• Minnesota has 10.6 million acres of wetlands, 19.7 percent of the state’s land cover, not counting deep lakes and rivers.
• Plant communities are in good condition in only 29 percent of depressional wetlands (ponds and marshes), while 25 percent are in fair condition and 46 percent are in poor condition.
• Macroinvertebrates (leeches, snails and insects ) are in good condition in 47 percent of ponds and marshes, fair condition in 33 percent and poor conditions in 20 percent.
• Forested wetlands make up 4.4 million acres and are the most common wetland type in Minnesota, followed by emergent wetlands (shallow marshes, wet meadows), shrub swamps, and deep marshes and ponds.”

Eighty-five … and armed to the teeth. The AP story says: “Police in the northern Wisconsin town of Hurley shot and killed an 85-year-old-man who they say had multiple firearms in his possession. A news release from the Hurley Police Department said officers responded about 8:30 Friday morning to a report of a man with a gun at an apartment complex. It said the man retreated to his apartment and that police learned he had other weapons.”

In a Strib commentary, Susan Hogan wades into the fleeting controversy over a Coon Rapids High School kid’s rosary necklace: “Because I’d been a religion reporter for two decades and a philosophy teacher before that, the religious sensitivity issues most interested me. Minnesota’s students are more religiously diverse than ever before. While religious education may not be the role of public schools, fostering an atmosphere of respect is fundamental. Most people of faith that I know wouldn’t intentionally hijack the sacred objects of another religion and use them in insensitive ways. … While for school officials the primary issue is [the student] Jake’s safety, for me it’s a little more basic. It’s about respect for others — a lesson Jake and his parents apparently still need to learn. Prayer beads are used in many religious traditions. A little sensitivity is in order.”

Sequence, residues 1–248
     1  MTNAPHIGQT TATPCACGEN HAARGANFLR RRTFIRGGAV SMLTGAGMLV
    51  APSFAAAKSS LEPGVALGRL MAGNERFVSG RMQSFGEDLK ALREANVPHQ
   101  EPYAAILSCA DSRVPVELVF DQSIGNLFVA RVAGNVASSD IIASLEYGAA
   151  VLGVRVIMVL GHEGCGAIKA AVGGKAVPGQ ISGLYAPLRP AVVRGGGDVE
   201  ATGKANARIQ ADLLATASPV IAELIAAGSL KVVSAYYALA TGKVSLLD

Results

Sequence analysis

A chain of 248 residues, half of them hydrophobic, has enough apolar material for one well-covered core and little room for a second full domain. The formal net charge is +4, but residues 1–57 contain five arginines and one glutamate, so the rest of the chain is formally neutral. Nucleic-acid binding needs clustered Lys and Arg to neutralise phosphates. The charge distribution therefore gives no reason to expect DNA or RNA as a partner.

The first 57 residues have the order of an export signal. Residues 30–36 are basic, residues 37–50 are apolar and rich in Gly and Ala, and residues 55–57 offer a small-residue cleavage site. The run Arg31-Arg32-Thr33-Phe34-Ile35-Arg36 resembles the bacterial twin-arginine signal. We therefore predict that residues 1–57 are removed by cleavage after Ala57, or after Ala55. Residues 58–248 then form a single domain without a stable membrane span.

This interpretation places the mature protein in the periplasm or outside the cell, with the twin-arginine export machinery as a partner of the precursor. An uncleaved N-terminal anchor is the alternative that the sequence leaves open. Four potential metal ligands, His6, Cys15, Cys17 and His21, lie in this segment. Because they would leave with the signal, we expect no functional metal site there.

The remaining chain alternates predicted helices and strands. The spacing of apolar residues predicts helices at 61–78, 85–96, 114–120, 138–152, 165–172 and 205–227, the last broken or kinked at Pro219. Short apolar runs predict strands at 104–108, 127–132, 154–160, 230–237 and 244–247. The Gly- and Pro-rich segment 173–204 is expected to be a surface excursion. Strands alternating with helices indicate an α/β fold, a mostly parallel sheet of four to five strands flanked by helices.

Interesting story from Jennifer Bjorhus in the Strib on the investor rush for farmland, in Minnesota and elsewhere: “Over the past decade, U.S. farmland has returned an average of 15.5 percent a year, according to a widely watched index from the National Council of Real Estate Investment Fiduciaries. That compares with about 4.1 percent for the Standard & Poor’s 500 stock index and about 1.8 percent for 90-day government bonds. Gold? About 19 percent. … Just how many outside investors are buying Minnesota farmland isn’t exactly clear. The state Department of Agriculture estimates that about 185 of the 4,700 business entities certified to own farmland in Minnesota have an out-of-state address. Blue Earth’s county assessor studied its own database of property owners at the request of the Star Tribune and determined that about 4 percent of the tax statements on that southern Minnesota county’s farm land are mailed to out-of-state addresses. Farmers eager to expand their holdings are still the bulk of the buyers in Minnesota, said Steven Taff, an economist at the University of Minnesota.”

Someone got the talking points and nails every one of them. Andy Aplikowski, at Residual Forces, blogs: “Senator Amy Klobuchar has been a waste of a US Senate seat for 6 years. She’s been in the majority for her whole term and has been little more than a cheerleader for bigger and more incompetent government. She pretended to be a watchdog in her 2006 campaign, but has been more like a lapdog since President Obama was elected. The deadly scandal that is Fast & Furious, where guns bought by the Obama administration to help demonize gun owners in America and expand gun control legislation, ended up being used to kill US border agents. The US House has been putting pressure on the Obama official, Attorney General Eric Holder, who was in charge of / overseeing the operation, Klobuchar’s US Senate colleagues have not bothered to look in to the situation. Why? Does Amy Klobuchar not care about US Border Agents being murdered by illegal immigrants or drug smugglers?” BTW, Andy, where is that expanded gun control legislation?